A Veterans Affairs document obtained by The Associated Press says the gunman who killed a Colorado sheriff's deputy escaped from the mental health ward of a VA hospital in Wyoming in 2014 but was located and returned.

This undated photo released by the Douglas County Sheriff's Office shows Matthew Riehl. The 37-year-old man was shot to death Sunday, Dec. 31, 2017, after shooting at the deputies, killing one.

Courtesy Douglas County Sheriff via AP

The document was provided to the AP by a congressional aide on condition of anonymity because the aide was not authorized to release it.

The document was first reported by The Denver Post.

Colorado authorities say Matthew Riehl fatally shot Douglas County Deputy Zackari Parrish and wounded four other officers on Sunday. Riehl was killed by a SWAT team.

The VA document says Riehl was hospitalized at the veterans medical center in Sheridan, Wyoming, in April 2014 after a psychotic episode. It says he escaped but was found and brought back.

The document identifies Riehl as an Army veteran who was honorably discharged.

The slaying of a Colorado sheriff's deputy is the most recent in a string of fatal shootings involving suspects who may have had mental health problems, and the state has expanded services in hopes of finding a solution.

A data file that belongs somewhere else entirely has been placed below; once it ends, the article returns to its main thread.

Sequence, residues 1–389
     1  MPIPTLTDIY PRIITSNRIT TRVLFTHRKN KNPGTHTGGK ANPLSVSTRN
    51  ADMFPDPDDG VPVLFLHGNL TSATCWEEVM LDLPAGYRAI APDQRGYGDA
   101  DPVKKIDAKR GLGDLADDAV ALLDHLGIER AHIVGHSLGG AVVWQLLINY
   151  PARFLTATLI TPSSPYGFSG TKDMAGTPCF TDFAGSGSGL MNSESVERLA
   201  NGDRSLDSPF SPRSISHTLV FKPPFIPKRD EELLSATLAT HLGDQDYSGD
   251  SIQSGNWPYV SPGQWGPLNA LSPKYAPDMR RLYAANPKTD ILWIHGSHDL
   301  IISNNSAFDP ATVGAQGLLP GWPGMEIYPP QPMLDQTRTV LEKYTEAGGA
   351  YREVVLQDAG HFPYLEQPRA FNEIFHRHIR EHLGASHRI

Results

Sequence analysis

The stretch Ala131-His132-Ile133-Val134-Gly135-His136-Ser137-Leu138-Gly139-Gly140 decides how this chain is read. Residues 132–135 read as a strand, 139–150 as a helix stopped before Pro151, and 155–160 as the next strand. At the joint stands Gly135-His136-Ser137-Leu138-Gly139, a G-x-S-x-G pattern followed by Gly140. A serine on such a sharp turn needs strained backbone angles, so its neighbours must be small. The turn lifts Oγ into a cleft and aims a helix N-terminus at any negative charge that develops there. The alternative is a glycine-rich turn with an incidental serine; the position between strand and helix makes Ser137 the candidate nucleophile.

Colorado opened 12 walk-in mental health crisis centers across the state and set up a 24-hour hotline after a gunman killed 12 people in a suburban Denver movie theater in 2012. Doctors testified the gunman, James Holmes, was mentally ill.

Holmes pleaded not guilty by reason of insanity. But the jury rejected his plea and convicted him of murder.

The Colorado Department of Human Services said the state has provided help more than 580,000 times under the expanded services, but some of those instances might have been one individual getting help multiple times.

Editor's Note: This story was updated to clarify numbers from the Colorado Department of Human Services. The department said Wednesday that agencies have provided mental health services more than 580,000 times, but some of those instances might have been one individual getting help multiple times.